More than 11 years ago, on what had become a fairly regular work outing, I headed to Grand Lake Stream on April 1 — opening day of open-water fishing season — to find a few tales to tell.
Recently, I learned that the most amusing tale of all was one I never even suspected.
During preparations for the release of my first book, “Evergreens,” I did a few interviews with other media outlets, and my publisher sent out publicity photos, including one of the book’s cover.
That cover photo is a striking shot taken by former BDN photographer Gabor Degre, showing three anglers (including me) standing in the Dam Pool at Grand Lake Stream on a raw, overcast day. We published the photo in 2008, I wrote a column about the day and then I moved onto something else.
One of the anglers shown in the photo was not so fortunate, I found out. He saw the cover photo in the BDN story about the book’s launch and wanted to share his version of what became a pretty memorable day for him.
He has asked that I not name him, in order to protect the semi-innocent, and I’ll respect his wishes. Here’s what he had to say.
“Congratulations on the new book! I noticed the cover photo look awfully familiar to me and wanted to share a story with you about it,” he said. “A friend of mine and I skipped some work quite a few years ago to go fishing at Grand Lake Stream on opening day. When I say ‘skip work,’ I mean just that. We struck out early from Bangor to hit the stream to fish opening day. Our intent was to fish and then turn around and beat it back to work before anyone really knew we’d been gone. It could happen, right?”
It could happen. But things didn’t turn out that way.
“I got a call from my boss while I was in the parking lot asking me if I could head over to a job site in Brewer to inspect some work,” he said. “Little did he know I was two hours away putting on my waders. I told him I certainly could, but would be a little late doing it because I had to ‘take care of a couple other issues first.’”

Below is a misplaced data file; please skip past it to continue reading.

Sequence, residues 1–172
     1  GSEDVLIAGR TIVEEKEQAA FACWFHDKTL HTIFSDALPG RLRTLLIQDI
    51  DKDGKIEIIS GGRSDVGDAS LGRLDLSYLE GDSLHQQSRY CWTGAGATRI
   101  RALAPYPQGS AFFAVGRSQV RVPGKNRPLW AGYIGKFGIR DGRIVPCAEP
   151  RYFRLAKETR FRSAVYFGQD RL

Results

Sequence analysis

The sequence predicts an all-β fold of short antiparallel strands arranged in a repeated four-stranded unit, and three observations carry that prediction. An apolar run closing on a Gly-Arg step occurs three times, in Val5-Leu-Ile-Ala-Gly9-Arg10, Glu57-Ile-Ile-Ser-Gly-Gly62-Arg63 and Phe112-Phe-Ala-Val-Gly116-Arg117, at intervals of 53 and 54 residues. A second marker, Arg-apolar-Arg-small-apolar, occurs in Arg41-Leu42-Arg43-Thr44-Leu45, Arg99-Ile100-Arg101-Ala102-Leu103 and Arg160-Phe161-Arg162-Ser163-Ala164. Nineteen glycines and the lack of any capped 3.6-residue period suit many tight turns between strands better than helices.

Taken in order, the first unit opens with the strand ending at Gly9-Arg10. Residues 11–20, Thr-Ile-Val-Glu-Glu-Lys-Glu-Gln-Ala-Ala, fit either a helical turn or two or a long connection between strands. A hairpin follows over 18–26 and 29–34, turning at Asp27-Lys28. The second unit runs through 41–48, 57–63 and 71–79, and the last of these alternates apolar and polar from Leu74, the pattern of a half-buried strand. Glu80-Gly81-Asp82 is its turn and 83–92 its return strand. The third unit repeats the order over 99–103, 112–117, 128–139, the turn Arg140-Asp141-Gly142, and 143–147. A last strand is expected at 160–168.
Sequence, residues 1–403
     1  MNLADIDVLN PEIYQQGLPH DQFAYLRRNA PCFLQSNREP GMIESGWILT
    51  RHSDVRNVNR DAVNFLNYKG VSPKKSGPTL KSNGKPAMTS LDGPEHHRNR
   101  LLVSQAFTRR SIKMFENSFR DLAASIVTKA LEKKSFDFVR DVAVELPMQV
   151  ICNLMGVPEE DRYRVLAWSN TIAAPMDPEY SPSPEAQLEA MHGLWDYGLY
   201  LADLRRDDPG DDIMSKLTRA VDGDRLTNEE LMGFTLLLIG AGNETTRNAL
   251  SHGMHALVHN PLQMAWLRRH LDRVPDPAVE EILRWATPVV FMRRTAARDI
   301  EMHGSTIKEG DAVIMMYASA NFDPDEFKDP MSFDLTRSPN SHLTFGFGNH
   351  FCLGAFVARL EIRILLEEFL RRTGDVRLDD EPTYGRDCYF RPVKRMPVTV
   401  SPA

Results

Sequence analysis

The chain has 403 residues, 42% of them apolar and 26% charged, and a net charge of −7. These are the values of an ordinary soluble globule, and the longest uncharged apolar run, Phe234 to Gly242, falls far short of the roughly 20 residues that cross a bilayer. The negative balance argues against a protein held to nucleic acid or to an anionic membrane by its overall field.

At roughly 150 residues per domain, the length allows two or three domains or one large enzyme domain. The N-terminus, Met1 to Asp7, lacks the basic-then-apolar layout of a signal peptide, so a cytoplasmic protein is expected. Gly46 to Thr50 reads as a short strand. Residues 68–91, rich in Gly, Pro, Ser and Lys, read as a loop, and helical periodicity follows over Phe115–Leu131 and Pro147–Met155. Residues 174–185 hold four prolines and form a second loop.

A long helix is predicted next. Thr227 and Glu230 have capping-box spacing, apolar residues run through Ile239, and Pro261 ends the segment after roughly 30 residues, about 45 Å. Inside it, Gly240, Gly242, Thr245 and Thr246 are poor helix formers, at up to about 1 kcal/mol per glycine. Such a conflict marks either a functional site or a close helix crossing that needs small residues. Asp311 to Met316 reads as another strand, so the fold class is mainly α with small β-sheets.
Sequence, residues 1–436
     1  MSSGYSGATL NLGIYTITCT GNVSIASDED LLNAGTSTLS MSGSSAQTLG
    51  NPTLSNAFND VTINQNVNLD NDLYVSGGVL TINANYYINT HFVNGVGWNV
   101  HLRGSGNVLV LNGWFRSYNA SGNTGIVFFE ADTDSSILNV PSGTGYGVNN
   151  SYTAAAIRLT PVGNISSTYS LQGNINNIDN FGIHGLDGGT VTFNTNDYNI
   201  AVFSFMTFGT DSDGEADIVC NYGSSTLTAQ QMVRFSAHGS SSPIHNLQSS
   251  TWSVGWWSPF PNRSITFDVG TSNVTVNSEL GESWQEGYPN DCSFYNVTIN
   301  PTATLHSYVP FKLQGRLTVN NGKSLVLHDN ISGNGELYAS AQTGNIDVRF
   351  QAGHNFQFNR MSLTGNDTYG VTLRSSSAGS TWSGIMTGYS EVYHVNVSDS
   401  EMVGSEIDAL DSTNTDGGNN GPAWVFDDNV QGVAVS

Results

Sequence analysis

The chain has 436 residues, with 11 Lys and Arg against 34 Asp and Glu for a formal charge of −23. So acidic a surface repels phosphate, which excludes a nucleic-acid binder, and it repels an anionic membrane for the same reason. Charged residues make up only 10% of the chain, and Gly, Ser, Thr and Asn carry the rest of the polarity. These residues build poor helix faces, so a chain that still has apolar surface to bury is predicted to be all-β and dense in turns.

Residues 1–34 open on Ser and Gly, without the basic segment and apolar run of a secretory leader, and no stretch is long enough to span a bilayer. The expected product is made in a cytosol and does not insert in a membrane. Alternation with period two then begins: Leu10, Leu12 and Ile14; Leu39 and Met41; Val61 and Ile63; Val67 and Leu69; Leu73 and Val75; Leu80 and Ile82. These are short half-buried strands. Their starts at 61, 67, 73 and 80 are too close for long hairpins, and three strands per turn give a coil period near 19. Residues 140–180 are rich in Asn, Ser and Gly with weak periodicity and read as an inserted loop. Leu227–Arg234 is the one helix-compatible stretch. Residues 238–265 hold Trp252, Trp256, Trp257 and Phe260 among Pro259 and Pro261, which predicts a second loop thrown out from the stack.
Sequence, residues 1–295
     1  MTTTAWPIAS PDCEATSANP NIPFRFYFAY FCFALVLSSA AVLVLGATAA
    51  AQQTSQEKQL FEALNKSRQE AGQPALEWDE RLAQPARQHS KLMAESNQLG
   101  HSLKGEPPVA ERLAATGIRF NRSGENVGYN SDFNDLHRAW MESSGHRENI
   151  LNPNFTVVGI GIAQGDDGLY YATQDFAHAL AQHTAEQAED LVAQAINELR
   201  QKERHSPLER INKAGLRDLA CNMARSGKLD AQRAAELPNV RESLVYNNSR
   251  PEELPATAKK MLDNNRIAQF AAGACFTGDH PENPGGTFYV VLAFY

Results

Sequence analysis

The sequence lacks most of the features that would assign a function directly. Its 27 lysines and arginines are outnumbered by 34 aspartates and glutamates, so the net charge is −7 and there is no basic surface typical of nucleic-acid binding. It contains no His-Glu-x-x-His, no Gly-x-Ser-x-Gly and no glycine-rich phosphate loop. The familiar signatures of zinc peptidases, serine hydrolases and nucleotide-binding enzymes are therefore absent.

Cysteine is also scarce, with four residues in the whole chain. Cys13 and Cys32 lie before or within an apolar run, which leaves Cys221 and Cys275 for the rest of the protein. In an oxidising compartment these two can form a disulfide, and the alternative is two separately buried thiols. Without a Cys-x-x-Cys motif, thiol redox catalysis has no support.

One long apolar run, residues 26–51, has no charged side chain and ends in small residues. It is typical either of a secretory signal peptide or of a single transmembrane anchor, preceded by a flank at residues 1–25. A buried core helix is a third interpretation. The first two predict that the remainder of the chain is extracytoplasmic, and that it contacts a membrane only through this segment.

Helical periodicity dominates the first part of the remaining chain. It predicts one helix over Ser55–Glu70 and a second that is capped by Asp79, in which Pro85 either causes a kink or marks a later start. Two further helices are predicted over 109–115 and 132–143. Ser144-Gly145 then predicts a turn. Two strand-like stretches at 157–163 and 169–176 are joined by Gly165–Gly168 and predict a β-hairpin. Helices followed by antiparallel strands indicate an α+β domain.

The other issues involved catching fish (which he did). After fishing half the morning, the angler and his buddy packed up and headed back to work.
“I showed up and did my inspection and nobody even knew I was about 4 hours late. Ha! Pulled it off without a hitch!” he said. “Now, I’m sure 99 percent of the population who skip a little work do so and probably never ever get caught. Me, however, given my luck, I end up on the front page of the Bangor Daily News!”
Oops. Sorry about that.
“I must say I was quite shocked to see that photo first thing the next day when I went into the store for coffee before work!” he said. “I’m the one cradling my rod over your left shoulder in the camo jacket. We still laugh about it to this day. Busted.”
In the interest of full disclosure, I can now tell you that our mystery angler is not alone. Over the course of 17 years of writing outdoor columns for the BDN, I’ve spent plenty of time in the parking lot of the Dam Pool on Grand Lake Stream’s opening day, and I’ve met more than a few anglers who have simply refused to give me their names nor talk on the record.
They, too, were skipping work and didn’t want their bosses to know where they were.
Unfortunately for our mystery angler, on that day I also had a photographer to help me tell the story. And when he walked out onto the top of the dam, armed with a camera and a long lens, he captured a photo that was not only striking … it was unforgettable.
At least, that’s the way our mystery angler sees it.
John Holyoke can be reached at firstname.lastname@example.org or 207-990-8214. Follow him on Twitter: @JohnHolyoke. His first book, “Evergreens,” a collection of his favorite BDN columns and features, has been published by Islandport Press and is available wherever books are sold.